Chanel Health Glow Bronzing Cream, £38.70, available at Boots.com.

Artis Brush Elite Gold Palm Brush, £75, available at Net-a-porter.com.

Sensai Bronzing Gel, £31, available at Harrods.com

Believable freckles

“I added a lot of freckles to Margot’s skin. I actually went on YouTube and learned how to create them in the days before the shoot. I watched a whole bunch of videos featuring different people who were doing their own freckle techniques… it’s a perfect lesson that you’re never too old or experienced to learn something new. The technique that best resonated with me was to use a bobby pin and dip it into a brow product. I used a palette that had both creams and powders in it, and first put the tip of the bobby pin into a cream medium-brown shade and applied to her skin. Then I put it into the brow powder and topped each freckle with that. To finish I gently swirled a clean brush over the skin to take off the top layer of residue. Brow products – but in a different way!”

Benefit Brow Zings Pro Palette, £28.48, available at Lookfantastic.com.

Retro lashes

“As a nod to the early ’70s, it was all about mascara on the upper and lower lashes, not too perfect and a little bit clumpy. When you see pictures of Jane Birkin in that period, her lashes are clumpy on the top and bottom, so we did both. We wanted to create a feeling that she’d done it herself and had had her mascara on for a couple of days. I didn’t purposefully squeeze them together or anything, but just let the layers of mascara do that naturally. If you’re trying it at home, I’d recommend building your mascara up and not being afraid to put more on the bottom lashes.”

L’Oréal Paris Volume Million Lashes Mascara, £10.99, available at Lookfantastic.com.

Summer lips

“After a good coating of mascara, I paled out her lip to fit with the ’70s theme. It was a time when make-up was all about matte textures – not full-on matte or flat – but things weren’t too shimmery. That happened later in the ’80s. So I incorporated lots of matte formulas into the look in general.”

Chanel Rouge Allure Velvet Luminous Matte Lip Colour – Nuance, £27.90, available at Boots.com.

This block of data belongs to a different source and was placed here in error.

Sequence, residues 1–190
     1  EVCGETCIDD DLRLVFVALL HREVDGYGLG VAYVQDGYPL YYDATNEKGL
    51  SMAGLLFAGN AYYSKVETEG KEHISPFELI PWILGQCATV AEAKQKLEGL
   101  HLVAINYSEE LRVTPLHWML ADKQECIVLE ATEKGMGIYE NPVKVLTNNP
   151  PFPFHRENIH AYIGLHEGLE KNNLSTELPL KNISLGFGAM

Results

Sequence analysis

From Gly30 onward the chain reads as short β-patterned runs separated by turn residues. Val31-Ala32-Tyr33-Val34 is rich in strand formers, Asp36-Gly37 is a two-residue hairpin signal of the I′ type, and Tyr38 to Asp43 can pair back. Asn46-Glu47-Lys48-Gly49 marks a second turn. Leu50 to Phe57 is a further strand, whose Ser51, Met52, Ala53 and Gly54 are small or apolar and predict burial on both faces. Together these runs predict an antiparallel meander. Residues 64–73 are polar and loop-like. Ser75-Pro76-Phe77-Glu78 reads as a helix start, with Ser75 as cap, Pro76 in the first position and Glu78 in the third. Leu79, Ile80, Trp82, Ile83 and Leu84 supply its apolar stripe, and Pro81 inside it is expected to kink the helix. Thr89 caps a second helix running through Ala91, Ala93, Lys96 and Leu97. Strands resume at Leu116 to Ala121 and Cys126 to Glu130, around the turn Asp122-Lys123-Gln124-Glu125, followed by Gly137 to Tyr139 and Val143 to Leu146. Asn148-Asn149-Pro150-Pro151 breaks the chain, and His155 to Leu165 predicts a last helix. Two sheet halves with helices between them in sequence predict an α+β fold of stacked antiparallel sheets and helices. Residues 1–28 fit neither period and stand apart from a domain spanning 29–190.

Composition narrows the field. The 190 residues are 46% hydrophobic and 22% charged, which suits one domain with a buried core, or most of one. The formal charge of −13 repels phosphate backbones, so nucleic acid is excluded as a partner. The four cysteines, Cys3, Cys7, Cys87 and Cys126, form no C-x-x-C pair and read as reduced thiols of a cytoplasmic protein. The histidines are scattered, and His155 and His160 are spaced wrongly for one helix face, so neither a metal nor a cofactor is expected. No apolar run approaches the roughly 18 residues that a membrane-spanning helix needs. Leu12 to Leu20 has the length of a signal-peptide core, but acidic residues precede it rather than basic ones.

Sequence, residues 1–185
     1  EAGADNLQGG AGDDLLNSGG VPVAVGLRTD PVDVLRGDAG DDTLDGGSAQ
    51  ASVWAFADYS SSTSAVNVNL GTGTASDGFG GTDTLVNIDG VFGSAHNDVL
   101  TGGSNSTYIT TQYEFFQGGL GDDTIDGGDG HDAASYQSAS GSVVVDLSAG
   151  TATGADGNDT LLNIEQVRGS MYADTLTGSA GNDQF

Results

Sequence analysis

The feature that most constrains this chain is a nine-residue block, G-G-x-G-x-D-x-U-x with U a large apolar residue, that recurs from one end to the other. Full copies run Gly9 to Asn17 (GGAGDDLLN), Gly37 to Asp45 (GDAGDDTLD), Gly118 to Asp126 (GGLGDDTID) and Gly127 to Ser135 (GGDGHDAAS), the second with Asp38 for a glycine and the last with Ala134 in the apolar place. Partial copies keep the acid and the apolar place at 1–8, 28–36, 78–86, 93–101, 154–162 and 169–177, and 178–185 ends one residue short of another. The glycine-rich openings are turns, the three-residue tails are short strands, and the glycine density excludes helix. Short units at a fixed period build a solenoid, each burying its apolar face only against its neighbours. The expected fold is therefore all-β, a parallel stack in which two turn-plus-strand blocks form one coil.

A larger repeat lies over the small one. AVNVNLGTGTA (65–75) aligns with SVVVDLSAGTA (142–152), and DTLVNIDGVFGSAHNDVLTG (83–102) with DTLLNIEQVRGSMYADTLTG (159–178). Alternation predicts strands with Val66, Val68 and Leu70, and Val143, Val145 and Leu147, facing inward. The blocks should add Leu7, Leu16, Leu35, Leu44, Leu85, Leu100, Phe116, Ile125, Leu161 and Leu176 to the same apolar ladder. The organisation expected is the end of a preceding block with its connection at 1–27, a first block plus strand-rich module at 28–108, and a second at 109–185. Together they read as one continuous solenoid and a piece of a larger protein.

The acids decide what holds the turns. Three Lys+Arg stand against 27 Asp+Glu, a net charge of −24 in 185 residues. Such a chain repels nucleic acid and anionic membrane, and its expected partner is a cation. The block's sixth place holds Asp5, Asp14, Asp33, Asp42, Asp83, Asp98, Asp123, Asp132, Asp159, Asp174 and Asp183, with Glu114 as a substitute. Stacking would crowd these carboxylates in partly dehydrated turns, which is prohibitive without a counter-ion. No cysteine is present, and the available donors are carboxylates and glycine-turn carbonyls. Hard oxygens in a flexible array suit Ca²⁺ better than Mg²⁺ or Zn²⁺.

VOGUE article

8 Playful AW20 Beauty Trends To Road Test

High Drama

Though tough to recreate, the looks at Haider Ackermann’s otherworldly show were impossible to forget. It saw bleached brows and gravity-defying hair sculptures, courtesy of make-up artist Lynsey Alexander and hairstylist Duffy. Drama reigned at Rodarte, Anna Sui, Fendi and Roksanda, too, where lips were painted in gothic deep-plum hues. Lastly, at Moschino, the Marie Antoinette-inspired hair and make-up was more theatre than catwalk.

Beautifully Flawed

The foil to sleek, polished moments of glamour? Lived-in make-up. The look was led by Gucci and its entry into the make-up arena – Thomas de Kluyver, Gucci Beauty’s global make-up artist, mixed the label’s new mascara with water to create a smudged, tear-stained effect. This was co-ordinated with chipped nails – the height of high-school cool. Pucci and Max Mara also favoured worn-in eye make-up, with the models’ black liner and mascara looking as though they had slept in it and woken up just in time to stride down the catwalk. At Lanvin, the two-day-old, chunky-but-neat lashes took the edge off the otherwise sleek look. Do note, imperfect make-up isn’t as simple as it looks – utilising remnants of make-up from the day before might be an easier way to tap into the trend.

Let’s Go Retro

“Hitchcock heroines” and “18th-century-inspired hair” were just a couple of the beauty references uttered backstage at the autumn/winter 2020 shows. In Paris, at Miu Miu, hairstylist Guido Palau created styles in homage to the 1940s, using an “old-school way of achieving curls” that were shaped into waves and flipped to one side. There was a similar theme at Chloé, with Palau crafting everything from boyish updos to set waves. In London, at Erdem, Anthony Turner’s lacquered S-shaped finger waves were set low on the side of the head with a severe side parting, for a modern take on the look. Meanwhile, at Shrimps, hair recalled a young Diana, Princess of Wales. It’s retro, but now.